Book Review: Grave Mercy by Robin LaFevers

BGSU staff member Anne Lake reviews Grave Mercy by Robin LaFevers published by Houghton Mifflin Harcourt April 2012:

For a while there it seemed like everyone had read this book. I looked forward to it so much that I could barely stand it – if I didn’t have an aversion to hard cover books I would have gone out and bought myself a copy the day it came out, which I hardly ever do. But, it did finally come through at the library, and let me say, it did not disappoint. I loved every minute of it and I can’t wait for more!

There were so many things to love about this book. Ismae is such a strong character, despite the hardships she goes through at the beginning. She revels in the fact that she finally has control over men, in a time when women were always subordinate, because even men can die, and often do at her hands. At the same time, we see enough of her insecurity that we don’t hate her for being too perfect, too self-assured.

Duval, the semi-romantic interest, is the perfect foil for Ismae. He is confident where she is not, and he enjoys holding that over her. I love the interplay between their characters because it is nearly always a competition to see who breaks first – psychological chicken if you will. It’s almost funny, because as a reader you know they’re both bluffing at least a little, but neither will admit weakness to the other.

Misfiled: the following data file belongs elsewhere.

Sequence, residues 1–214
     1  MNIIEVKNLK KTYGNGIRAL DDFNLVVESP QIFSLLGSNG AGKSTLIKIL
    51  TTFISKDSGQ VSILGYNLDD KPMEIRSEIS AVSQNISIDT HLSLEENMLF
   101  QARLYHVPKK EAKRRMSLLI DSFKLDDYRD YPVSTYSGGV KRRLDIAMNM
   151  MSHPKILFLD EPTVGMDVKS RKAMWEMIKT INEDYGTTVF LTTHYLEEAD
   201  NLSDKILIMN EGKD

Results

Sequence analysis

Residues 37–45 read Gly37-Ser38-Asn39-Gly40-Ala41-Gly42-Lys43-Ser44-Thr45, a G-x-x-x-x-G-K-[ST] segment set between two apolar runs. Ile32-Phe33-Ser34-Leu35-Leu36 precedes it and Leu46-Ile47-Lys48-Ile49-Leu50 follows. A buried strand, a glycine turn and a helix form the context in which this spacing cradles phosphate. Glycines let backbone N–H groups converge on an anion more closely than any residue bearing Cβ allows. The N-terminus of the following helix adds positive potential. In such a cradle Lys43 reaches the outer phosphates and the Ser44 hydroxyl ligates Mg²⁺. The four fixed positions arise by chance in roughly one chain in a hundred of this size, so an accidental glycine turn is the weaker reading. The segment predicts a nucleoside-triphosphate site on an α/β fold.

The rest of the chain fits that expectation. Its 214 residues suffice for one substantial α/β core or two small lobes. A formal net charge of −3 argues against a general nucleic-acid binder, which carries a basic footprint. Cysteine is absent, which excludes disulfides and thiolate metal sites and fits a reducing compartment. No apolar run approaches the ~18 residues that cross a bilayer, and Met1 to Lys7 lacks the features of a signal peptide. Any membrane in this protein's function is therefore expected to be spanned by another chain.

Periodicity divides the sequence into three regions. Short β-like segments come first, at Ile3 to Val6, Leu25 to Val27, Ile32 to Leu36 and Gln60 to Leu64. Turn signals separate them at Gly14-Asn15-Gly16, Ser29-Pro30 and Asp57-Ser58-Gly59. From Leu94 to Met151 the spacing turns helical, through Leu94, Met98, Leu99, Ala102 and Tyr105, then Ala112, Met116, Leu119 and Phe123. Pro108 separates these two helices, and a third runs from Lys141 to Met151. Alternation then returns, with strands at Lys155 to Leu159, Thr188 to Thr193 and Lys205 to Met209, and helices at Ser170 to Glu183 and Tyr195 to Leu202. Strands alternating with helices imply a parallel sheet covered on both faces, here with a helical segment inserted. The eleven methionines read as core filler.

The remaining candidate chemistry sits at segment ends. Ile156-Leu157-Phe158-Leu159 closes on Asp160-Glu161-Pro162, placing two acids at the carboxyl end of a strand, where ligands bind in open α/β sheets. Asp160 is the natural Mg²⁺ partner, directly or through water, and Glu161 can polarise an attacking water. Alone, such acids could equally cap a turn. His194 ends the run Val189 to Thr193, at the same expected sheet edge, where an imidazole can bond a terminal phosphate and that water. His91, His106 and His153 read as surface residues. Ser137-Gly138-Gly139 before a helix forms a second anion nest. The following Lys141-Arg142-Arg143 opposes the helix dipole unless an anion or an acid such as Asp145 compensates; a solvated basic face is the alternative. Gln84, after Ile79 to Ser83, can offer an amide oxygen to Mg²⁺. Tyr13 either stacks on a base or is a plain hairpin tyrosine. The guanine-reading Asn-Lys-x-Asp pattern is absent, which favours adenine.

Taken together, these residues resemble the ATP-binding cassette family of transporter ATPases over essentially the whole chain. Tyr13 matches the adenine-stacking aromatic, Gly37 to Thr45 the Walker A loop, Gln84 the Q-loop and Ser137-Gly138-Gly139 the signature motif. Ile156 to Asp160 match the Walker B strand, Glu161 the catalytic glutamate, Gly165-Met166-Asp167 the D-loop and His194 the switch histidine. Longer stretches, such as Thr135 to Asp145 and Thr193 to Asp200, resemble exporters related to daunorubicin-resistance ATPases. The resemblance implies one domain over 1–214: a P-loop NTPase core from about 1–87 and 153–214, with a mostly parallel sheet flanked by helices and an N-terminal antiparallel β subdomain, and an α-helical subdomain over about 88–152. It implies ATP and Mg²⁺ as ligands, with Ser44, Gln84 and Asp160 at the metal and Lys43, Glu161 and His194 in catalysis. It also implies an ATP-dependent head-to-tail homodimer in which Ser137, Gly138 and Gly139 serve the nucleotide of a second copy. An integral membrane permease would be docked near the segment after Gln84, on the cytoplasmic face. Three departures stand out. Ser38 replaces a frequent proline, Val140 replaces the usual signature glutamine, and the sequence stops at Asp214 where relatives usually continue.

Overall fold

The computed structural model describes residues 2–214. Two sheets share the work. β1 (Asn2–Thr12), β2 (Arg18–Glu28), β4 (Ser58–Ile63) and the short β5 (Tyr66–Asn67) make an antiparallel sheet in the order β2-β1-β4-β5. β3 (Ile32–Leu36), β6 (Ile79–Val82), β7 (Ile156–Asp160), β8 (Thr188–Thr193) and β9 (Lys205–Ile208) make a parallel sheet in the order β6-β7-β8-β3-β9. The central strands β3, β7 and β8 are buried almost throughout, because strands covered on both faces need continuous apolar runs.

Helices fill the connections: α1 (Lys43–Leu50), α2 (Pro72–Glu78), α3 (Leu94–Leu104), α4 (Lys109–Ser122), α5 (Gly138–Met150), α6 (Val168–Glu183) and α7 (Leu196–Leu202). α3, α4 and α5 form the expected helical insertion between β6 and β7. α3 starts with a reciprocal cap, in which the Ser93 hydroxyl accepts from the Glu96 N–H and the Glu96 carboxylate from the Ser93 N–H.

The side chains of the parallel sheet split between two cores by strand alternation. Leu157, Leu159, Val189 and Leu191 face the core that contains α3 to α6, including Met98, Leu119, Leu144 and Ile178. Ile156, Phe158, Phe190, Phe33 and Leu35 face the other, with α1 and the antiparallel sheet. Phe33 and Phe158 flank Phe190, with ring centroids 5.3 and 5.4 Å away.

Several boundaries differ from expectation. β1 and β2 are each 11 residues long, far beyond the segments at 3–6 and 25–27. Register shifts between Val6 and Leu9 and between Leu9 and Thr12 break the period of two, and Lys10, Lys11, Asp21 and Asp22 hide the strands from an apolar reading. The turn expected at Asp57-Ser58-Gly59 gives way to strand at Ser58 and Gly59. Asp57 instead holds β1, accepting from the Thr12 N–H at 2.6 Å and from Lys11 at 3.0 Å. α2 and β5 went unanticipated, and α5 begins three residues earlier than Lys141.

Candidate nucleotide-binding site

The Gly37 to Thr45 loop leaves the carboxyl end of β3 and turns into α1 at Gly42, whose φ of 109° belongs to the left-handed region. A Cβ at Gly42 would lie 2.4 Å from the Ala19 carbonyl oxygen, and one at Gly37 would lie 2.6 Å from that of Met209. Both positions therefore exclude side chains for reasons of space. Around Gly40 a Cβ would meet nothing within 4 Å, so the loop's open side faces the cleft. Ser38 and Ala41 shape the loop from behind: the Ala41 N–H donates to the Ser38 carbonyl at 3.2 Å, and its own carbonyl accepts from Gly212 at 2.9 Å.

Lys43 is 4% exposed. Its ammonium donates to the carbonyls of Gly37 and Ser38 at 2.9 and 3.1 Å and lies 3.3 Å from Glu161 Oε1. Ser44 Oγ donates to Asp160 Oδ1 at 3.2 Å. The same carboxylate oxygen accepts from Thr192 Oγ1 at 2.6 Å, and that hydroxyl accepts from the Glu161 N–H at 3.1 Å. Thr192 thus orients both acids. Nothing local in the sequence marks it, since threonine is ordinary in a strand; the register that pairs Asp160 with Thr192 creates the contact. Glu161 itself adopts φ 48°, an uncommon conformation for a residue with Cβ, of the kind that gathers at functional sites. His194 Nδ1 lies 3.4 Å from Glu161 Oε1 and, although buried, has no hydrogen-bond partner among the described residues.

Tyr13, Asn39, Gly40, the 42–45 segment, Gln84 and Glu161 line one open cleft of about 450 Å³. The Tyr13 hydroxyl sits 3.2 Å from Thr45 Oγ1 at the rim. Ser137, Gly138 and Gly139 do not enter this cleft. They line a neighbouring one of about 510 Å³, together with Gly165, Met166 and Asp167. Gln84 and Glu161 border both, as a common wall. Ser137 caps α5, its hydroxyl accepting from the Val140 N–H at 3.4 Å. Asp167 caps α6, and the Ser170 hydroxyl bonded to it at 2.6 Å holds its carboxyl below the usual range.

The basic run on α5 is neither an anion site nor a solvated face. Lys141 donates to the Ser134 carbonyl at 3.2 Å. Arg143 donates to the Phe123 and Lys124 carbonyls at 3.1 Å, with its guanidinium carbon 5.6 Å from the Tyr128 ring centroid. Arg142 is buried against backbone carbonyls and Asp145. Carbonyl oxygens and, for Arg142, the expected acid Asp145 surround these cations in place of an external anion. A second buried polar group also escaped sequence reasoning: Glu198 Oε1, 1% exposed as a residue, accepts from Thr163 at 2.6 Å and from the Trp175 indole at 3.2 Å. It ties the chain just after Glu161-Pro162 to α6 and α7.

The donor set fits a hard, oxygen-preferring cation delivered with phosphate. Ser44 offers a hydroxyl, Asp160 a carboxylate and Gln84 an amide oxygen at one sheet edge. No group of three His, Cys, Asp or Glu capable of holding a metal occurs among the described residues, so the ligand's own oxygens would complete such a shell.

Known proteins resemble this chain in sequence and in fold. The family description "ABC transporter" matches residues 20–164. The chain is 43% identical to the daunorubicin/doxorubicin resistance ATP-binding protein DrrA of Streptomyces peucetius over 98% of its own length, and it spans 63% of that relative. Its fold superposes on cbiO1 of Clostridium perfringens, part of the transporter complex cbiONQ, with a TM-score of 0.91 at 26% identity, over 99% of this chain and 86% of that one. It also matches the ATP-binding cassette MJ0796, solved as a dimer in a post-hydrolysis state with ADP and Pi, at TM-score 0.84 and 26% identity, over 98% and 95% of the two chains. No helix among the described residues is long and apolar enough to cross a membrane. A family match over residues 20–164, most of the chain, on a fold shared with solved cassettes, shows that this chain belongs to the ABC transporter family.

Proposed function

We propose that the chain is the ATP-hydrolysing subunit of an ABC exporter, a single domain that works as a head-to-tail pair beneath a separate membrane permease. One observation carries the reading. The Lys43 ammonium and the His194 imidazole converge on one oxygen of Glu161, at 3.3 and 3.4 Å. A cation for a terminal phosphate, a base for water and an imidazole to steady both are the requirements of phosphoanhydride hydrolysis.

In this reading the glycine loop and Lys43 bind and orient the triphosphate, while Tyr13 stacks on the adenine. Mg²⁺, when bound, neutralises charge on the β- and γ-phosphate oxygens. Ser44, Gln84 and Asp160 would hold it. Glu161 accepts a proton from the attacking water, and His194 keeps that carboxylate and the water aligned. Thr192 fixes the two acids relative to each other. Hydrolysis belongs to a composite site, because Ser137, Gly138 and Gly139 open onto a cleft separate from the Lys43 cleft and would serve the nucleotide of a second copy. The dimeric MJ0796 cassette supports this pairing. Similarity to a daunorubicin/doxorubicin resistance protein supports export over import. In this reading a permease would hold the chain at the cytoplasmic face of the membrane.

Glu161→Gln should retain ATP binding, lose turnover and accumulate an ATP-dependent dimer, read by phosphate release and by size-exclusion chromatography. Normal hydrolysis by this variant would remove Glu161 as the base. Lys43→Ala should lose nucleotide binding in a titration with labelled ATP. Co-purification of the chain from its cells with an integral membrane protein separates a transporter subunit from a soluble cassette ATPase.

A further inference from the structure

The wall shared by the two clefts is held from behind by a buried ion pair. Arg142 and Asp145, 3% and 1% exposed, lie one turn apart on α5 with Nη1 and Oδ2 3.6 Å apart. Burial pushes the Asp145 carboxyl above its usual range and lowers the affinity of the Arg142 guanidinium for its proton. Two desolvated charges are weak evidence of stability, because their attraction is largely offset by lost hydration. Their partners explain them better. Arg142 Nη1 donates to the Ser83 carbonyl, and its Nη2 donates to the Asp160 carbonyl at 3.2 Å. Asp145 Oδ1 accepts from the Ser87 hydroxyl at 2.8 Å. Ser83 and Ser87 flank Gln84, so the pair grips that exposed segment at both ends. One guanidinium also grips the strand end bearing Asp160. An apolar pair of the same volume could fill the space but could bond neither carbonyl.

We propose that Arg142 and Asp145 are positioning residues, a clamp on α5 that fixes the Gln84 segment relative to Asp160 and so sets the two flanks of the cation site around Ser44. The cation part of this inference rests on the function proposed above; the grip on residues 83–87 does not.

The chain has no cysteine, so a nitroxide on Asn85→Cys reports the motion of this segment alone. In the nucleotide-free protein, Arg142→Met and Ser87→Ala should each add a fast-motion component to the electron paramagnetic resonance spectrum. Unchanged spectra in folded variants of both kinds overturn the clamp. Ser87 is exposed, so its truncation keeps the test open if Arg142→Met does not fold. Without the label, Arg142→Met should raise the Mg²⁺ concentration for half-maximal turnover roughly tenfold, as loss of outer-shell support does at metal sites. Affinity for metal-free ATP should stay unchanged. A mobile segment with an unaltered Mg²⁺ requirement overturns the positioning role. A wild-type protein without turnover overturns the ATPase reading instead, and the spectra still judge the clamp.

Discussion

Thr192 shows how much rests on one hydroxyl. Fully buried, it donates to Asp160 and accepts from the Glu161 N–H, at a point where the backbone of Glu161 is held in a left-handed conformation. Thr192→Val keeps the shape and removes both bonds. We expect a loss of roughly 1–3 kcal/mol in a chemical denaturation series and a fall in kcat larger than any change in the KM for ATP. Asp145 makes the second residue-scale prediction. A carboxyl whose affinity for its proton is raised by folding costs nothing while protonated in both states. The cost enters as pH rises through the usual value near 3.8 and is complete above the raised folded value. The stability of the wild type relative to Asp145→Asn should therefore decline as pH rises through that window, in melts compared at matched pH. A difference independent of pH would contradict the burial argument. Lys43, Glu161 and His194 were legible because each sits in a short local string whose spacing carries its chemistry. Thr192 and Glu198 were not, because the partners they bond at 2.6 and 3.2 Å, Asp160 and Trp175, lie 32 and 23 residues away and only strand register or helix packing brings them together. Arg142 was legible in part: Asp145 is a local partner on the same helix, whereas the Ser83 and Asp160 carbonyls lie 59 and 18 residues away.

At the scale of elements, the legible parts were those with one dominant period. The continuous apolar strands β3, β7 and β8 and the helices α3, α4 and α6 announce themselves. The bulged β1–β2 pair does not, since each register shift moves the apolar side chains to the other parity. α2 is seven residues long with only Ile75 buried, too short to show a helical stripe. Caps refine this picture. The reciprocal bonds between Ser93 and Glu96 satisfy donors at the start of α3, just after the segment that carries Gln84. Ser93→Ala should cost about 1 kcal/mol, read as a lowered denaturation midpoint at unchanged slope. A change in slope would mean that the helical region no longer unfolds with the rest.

Probably my favorite thing about the book is that when Ismae’s religion is brought into question, it’s done delicately, but in such a way that it made me start to think about the things I believe. There are lots of things that we all blindly believe – mostly because if we took the time to think about all the things we believe and decide we would never do anything else. This book encourages us to take a look at our beliefs anyway, because sometimes the things people tell us are just wrong.

I absolutely love that Young Adult has started to get into high fantasy – my first and true reading love. As much as a year ago, high fantasy novels in YA were rare. Most fantasy was paranormal or some version of urban fantasy that had a lot of the real world in it. I do enjoy those, and I read a lot of them because that was what was being published at the time. But now, when I want a high fantasy, I don’t have to rely on the huge tomes that are published in Adult high fantasy – some of them top out at 1000+ pages! YIKES! I don’t always have that kind of time!


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